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A Shift to Smaller Grocery Stores?

August 13, 2009 Big Box, Retail, STL Region, Suburban Sprawl 12 Comments

The new Culinaria grocery store downtown is a delight.  It is stocked with everything one needs all in 20,000SF of space — a third the size of a typical new suburban big box grocery store.  But it has been the big box suburban store we’ve been getting in urban neighborhoods in the City of St. Louis and St. Louis County.  These chains knew only one thing — bigger is better.

Loughborough Commons Schnucks Grand Opening, August 2006
Schnuck's Grand Opening at Loughborough Commons, August 2006

Finally, a different model, a smaller new store.  I’ve enjoyed smaller stores for years: Straub’s, Aldi’s, Trader Joe’s, Wild Oats/Whole Foods, Local Harvest, City Grocers, etc.  Some of these are now approaching the size of the big box stores while others are still too small to get everything you need.

The trick is being big enough to have all the items for a meal but without an motor oil, clothing or patio furniture.  The fact is the race to have the biggest store in town didn’t always mean the best place to shop for groceries.  With everything inside a third the size of a big box has me wondering if we’ll see a return to the well stocked smaller store?

Schnuck’s, family owned & privately held, got it’s start in the City of St. Louis:

Founded in north St. Louis in 1939, the family-owned grocery company has grown to include more than 100 stores in seven states: Missouri, Illinois, Indiana, Wisconsin, Iowa, Tennessee and Mississippi.  (Source: Schnuck’s)

The early stores were the traditional corner store that was common in walkable urban neighborhoods.  But as people left walkable urban areas to driveable suburban areas the concept of a market changed.  Refrigeration made it possible to keep food longer.

In my hometown of Oklahoma City the dominate grocery chain is now Walmart Neighborhood Market.  I’m not talking about a giant Walmart with a grocery section but a dedicated grocery store selling groceries.  These stores, at 40,000SF, are between the typical new Schnuck’s (60,000+SF) and Culinaria (20,000SF).  These Walmart markets are everywhere.

I’m a foodie.  My Facebook friends can confirm the many pictures I’ve posted of meals out as well as meals I’ve prepared at home.  If you’ve seen Julie & Julia you know Julia Child’s love of eating got her interested in cooking.  As someone that enjoys cooking, I’ve visited many grocery stores in many cities.

Bring out the “foodie” in you!

Culinaria is using the term foodie in their marketing.  With a growing emphasis on fresh and local I think we will see a shift away from the massive stores pushing groceries for a month.  I like going to the grocery store but I don’t like walking through unnecessarily large stores.  With a few exceptions, since my stroke a year and a half ago, I have avoided big box grocers.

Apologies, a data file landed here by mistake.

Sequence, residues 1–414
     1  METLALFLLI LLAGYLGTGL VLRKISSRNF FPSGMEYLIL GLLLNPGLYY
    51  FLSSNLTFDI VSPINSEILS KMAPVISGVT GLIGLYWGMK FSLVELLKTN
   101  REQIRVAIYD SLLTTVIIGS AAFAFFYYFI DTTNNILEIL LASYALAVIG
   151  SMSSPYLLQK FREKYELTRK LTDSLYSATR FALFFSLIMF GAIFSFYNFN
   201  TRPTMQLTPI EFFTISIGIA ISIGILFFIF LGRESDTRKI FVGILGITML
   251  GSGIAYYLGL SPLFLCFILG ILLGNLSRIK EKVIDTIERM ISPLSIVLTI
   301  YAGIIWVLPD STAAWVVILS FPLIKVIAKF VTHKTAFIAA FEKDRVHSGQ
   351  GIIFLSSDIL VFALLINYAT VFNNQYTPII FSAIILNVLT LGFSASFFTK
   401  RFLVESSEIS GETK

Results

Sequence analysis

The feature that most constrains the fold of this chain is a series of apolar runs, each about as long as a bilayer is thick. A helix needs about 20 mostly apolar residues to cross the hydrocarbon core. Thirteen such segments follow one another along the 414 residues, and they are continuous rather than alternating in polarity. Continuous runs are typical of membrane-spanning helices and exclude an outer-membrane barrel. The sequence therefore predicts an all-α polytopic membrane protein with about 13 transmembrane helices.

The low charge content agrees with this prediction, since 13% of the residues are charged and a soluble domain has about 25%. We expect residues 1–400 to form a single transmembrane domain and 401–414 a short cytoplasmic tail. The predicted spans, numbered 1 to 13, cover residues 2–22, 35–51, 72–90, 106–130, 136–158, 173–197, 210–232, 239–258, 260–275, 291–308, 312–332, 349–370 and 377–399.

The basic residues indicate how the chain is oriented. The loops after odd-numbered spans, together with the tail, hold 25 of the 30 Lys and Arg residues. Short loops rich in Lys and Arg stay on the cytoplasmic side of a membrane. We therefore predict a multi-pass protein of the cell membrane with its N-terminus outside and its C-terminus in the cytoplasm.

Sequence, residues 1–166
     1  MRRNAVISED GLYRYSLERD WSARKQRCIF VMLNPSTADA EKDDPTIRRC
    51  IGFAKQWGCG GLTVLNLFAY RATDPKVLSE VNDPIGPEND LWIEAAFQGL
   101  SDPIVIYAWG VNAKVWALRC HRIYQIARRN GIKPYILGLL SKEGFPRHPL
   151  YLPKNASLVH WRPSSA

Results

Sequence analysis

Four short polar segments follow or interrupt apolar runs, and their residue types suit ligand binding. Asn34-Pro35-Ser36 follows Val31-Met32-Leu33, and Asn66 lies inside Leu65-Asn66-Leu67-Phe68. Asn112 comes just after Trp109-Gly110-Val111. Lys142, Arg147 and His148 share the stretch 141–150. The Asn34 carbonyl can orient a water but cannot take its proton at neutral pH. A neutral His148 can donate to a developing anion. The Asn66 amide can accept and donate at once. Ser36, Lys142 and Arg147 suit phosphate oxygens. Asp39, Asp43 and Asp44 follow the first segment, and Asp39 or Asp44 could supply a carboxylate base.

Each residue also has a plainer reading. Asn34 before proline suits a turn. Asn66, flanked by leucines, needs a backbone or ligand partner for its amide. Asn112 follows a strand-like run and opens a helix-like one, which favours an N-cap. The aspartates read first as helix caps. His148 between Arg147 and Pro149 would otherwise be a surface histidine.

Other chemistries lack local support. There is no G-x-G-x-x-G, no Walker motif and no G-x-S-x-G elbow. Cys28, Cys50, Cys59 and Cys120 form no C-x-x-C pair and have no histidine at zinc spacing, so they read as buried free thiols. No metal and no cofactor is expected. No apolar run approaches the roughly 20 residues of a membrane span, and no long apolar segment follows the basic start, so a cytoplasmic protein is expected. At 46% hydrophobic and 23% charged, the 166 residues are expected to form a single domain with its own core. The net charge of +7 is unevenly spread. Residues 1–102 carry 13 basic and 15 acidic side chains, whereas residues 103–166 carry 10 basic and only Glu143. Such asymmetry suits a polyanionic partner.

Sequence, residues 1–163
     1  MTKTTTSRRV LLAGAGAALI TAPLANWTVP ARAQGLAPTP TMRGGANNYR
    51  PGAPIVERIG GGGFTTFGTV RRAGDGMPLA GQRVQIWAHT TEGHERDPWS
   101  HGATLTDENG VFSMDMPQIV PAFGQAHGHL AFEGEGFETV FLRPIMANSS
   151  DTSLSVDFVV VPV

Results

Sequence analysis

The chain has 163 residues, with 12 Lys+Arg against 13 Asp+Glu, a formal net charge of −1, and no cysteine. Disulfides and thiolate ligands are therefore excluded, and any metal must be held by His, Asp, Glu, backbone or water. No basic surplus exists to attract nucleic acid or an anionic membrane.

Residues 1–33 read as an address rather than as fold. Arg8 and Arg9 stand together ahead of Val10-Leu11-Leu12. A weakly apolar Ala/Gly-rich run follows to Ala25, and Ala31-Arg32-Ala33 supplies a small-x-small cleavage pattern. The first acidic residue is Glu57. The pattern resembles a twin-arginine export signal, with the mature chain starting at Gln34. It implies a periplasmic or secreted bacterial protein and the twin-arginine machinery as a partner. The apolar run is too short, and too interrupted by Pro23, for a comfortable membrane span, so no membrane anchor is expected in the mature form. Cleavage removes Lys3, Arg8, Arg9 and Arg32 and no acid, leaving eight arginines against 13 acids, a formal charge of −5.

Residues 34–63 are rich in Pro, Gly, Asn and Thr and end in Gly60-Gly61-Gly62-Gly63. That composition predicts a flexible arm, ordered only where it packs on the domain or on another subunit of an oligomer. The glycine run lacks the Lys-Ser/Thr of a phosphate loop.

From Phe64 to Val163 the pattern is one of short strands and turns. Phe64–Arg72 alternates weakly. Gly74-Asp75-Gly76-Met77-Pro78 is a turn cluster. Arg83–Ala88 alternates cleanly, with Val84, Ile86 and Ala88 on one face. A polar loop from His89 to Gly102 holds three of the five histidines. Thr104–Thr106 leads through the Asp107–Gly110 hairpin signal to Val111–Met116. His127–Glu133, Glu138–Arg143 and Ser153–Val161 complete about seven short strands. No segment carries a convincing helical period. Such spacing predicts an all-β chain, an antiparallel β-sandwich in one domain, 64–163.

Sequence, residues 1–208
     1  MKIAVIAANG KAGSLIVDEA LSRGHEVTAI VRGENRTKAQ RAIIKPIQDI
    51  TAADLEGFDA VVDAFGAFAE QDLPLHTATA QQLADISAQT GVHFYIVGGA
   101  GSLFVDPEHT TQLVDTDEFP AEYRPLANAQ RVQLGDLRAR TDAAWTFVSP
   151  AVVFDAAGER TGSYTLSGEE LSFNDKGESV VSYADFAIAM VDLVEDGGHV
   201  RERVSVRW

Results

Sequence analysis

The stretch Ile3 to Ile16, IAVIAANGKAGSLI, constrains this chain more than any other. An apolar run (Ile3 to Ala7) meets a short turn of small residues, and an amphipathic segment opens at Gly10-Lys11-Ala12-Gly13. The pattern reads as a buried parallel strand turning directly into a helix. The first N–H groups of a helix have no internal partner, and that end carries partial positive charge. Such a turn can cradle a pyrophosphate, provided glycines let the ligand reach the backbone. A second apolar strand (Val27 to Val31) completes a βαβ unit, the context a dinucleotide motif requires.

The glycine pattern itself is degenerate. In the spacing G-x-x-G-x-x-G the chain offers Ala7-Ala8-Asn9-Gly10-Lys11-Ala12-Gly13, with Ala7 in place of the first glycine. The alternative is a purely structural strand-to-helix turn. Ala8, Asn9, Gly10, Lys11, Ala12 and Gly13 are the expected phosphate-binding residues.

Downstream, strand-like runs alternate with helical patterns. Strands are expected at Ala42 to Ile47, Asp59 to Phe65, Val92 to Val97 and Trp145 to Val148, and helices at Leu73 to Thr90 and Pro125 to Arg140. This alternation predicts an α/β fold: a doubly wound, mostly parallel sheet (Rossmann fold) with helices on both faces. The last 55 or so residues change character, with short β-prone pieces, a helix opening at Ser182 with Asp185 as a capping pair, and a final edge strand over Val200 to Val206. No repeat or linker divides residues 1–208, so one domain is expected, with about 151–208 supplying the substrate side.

Toronto, July 2006
Toronto, July 2006

Loblaws is a big chain in Toronto.  The store above is located in their suburbs along their subway line.  You exit the subway and the grocery store is right there so you can pick up items for dinner on your way home.

New York City, 2001
New York City, 2001

A right sized market, such as the above Whole Foods, can be located in older buildings.  You need high density to eliminate the need for parking.

Under NYCs Queensboro Bridge, 2001
Under NYC's Queensboro Bridge, 2001

In New York City wasted space under the 59th Street/Queensboro Bridge was put to use for a nice market.

Vancouver market in walkable neighborhood, 2003
Vancouver market in walkable neighborhood, 2003

The above market was in new construction in a new walkable dense area of Vancouver.  I do not recall seeing any parking although it may have had a garage.  I was a pedestrian.

Seattles international district, March 2009
Seattle's international district, March 2009

These stores don’t have their own parking.  But I’ve been to plenty that do — a Whole Foods in San Diego with parking on the roof to Safeway & Trader Joe’s in Seattle with structured garage parking just for their store – in neighborhoods — not just downtown.  The idea of driving into a parking garage to go grocery shopping is not that odd.  I’d like to see it become commonplace in the core of our region.

Many of Culinara’s customers will walk there.  Others will use MetroLink which is only 2 blocks away (8th & Pine).  Many, however, will drive from within downtown or from nearby neighborhoods.  Those that do will get 1 or 2 hours of free parking, depending upon the day & time of the visit.

I’ll have to drive there one day to see how it works.  The unmetered 15-minute parking on 9th Street seems like it will become an issue with cars parked longer than 15 minutes.  Doesn’t seem right that this business would get free street parking for it’s customers.  I say put in meters and make the limit 30 minutes.

The new Culinaria is the grocery store we need not just downtown but throughout the core of the region.  A smaller footprint store for walkable neighborhoods where a big box and surface parking are out of character.  Hopefully we will see more of Culinaria here and in the other states where Schnuck’s has stores.

The above was written Tuesday after the grand opening of Culinaria.  Yesterday (Wednesday) I made a second visit.  This time I drove my car  – I wanted to see how the whole parking garage experience worked. They have a few issues to address.